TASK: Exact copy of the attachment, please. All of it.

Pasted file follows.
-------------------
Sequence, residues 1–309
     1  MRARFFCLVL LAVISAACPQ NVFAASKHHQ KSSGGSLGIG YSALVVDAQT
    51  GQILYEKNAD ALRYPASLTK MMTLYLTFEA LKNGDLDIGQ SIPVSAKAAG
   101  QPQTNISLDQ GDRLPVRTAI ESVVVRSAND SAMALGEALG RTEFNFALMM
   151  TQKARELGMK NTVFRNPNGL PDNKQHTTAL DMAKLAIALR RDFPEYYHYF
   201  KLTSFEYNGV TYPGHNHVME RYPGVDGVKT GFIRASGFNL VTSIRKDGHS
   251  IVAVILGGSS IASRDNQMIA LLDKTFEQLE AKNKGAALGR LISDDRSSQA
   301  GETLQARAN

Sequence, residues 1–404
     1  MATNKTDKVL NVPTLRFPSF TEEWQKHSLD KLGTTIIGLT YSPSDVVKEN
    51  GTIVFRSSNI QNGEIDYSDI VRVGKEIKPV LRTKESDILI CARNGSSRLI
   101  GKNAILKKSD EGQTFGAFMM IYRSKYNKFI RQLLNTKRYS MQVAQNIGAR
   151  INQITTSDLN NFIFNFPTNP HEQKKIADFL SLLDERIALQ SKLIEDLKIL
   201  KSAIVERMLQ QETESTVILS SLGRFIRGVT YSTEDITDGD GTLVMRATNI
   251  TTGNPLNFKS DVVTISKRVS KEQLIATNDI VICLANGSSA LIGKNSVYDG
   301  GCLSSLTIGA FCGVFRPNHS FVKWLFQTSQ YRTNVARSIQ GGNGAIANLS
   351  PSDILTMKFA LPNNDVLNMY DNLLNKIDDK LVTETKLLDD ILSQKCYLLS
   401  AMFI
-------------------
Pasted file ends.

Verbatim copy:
Sequence, residues 1–309
     1  MRARFFCLVL LAVISAACPQ NVFAASKHHQ KSSGGSLGIG YSALVVDAQT
    51  GQILYEKNAD ALRYPASLTK MMTLYLTFEA LKNGDLDIGQ SIPVSAKAAG
   101  QPQTNISLDQ GDRLPVRTAI ESVVVRSAND SAMALGEALG RTEFNFALMM
   151  TQKARELGMK NTVFRNPNGL PDNKQHTTAL DMAKLAIALR RDFPEYYHYF
   201  KLTSFEYNGV TYPGHNHVME RYPGVDGVKT GFIRASGFNL VTSIRKDGHS
   251  IVAVILGGSS IASRDNQMIA LLDKTFEQLE AKNKGAALGR LISDDRSSQA
   301  GETLQARAN

Sequence, residues 1–404
     1  MATNKTDKVL NVPTLRFPSF TEEWQKHSLD KLGTTIIGLT YSPSDVVKEN
    51  GTIVFRSSNI QNGEIDYSDI VRVGKEIKPV LRTKESDILI CARNGSSRLI
   101  GKNAILKKSD EGQTFGAFMM IYRSKYNKFI RQLLNTKRYS MQVAQNIGAR
   151  INQITTSDLN NFIFNFPTNP HEQKKIADFL SLLDERIALQ SKLIEDLKIL
   201  KSAIVERMLQ QETESTVILS SLGRFIRGVT YSTEDITDGD GTLVMRATNI
   251  TTGNPLNFKS DVVTISKRVS KEQLIATNDI VICLANGSSA LIGKNSVYDG
   301  GCLSSLTIGA FCGVFRPNHS FVKWLFQTSQ YRTNVARSIQ GGNGAIANLS
   351  PSDILTMKFA LPNNDVLNMY DNLLNKIDDK LVTETKLLDD ILSQKCYLLS
   401  AMFI